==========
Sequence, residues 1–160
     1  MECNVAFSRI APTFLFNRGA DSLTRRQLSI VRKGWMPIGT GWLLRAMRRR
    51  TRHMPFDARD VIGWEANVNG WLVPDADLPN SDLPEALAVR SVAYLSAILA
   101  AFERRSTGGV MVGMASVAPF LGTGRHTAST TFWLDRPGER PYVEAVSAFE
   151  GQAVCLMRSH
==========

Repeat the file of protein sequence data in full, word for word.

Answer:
Sequence, residues 1–160
     1  MECNVAFSRI APTFLFNRGA DSLTRRQLSI VRKGWMPIGT GWLLRAMRRR
    51  TRHMPFDARD VIGWEANVNG WLVPDADLPN SDLPEALAVR SVAYLSAILA
   101  AFERRSTGGV MVGMASVAPF LGTGRHTAST TFWLDRPGER PYVEAVSAFE
   151  GQAVCLMRSH